How to do Transaction Management in JDBC

Posted By Winkle Jindal | 30-Apr-2019

 

Transaction Management:

  • A transaction is a process of performing multiple database operations as one Atomic unit with All-Nothing Criteria. 
  • The transaction is successful and should be committed when all the database operations in the unit are successful.
  • When anyone database operation in the unit is failed then the Transaction is failed and should be rolled back. 

When we implement Transactions properly in our application. It guarantees ACID Properties-

  • Atomicity
  • Consistency
  • Isolation
  • Durability

AtomicityThis property identifies that transaction is atomic and An atomic transaction is either not begun at all or fully completed.

ConsistencyA Transaction enforces consistency in the system state by only ensuring that at the end of the transaction the system is in a ( valid ) state.

IsolationIsolation is that one transaction can not read data from another transaction until its completion.

Durability: A Transaction is said to be durable when it has been successful only once and it is completed for all the changes made to the system are permanent. 

Types Of Transactions 

  • Local Transaction
  • Distributed Transaction 

Local TransactionWhen a single database is participating in the Transactional Operations then it is called as Local Transactions.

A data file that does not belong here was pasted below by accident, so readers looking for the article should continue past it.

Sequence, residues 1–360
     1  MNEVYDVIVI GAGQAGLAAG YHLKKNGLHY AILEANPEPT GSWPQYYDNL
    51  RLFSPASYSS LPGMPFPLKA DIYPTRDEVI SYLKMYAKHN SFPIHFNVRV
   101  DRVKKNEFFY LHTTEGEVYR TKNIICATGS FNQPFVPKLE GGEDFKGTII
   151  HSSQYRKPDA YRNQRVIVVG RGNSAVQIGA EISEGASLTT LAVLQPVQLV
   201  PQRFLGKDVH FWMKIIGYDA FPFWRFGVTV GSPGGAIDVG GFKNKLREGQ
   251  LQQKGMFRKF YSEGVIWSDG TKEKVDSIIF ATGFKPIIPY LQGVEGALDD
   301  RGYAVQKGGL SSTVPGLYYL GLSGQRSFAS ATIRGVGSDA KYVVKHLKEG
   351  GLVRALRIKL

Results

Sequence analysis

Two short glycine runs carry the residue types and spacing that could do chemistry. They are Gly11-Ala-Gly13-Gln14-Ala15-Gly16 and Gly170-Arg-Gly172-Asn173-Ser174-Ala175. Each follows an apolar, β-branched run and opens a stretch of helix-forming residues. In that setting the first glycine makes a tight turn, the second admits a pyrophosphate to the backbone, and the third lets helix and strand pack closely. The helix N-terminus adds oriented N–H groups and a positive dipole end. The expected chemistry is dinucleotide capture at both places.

Ex: Transfer the funds from one account to another account where two accounts are in the same bank or same database.

Distributed TransactionWhen two or more Databases are participating in the transactional operations then it is called as Distributed Transactions.

Ex: Transfer the funds from one account to another account where two accounts are in different bank s or different databases.

Note JDBC Supports only Local Transactions and does not support Distributed Transactions.

JDBC Transaction Management

  • Specifying the Transactional Boundaries:

Connection connection = null;
try{
   connection = ...;
   connection.setAutoCommit(false);  // Transaction Begin
   operation1;
   operation2;
   operation3;
   connection.commit();              // Transaction End
}catch(Exception e){
   if(connection != null){
       connection.rollBack();        // Transaction End
   }
}
  • When multiple transactions are running concurrently then we may get some transactional concurrency problems.
  1. Dirty Read Problem
  2. Repeatable Read Problem 
  3. Phantom Read Problem
  • We need to specify the Transactional Isolation Levels to solve these transactional concurrency problems.
  • There are four Transactional Isolation Levels which are defined as constants in Connection Interface as follows.
  1. TRANSACTION_READ_UNCOMMITTED     1
  2. TRANSACTION_READ_COMMITTED           2
  3. TRANSACTION_REPEATABLE_READ          4
  4. TRANSACTION_SERIALIZABLE                    8
  • Use the following method to specify the required Transactional Isolation Level 
  1. connection.setTransactionIsolation(2);
  2. connection.setTransactionIsolation(Connection.TRANSACTION_READ_COMMITTED);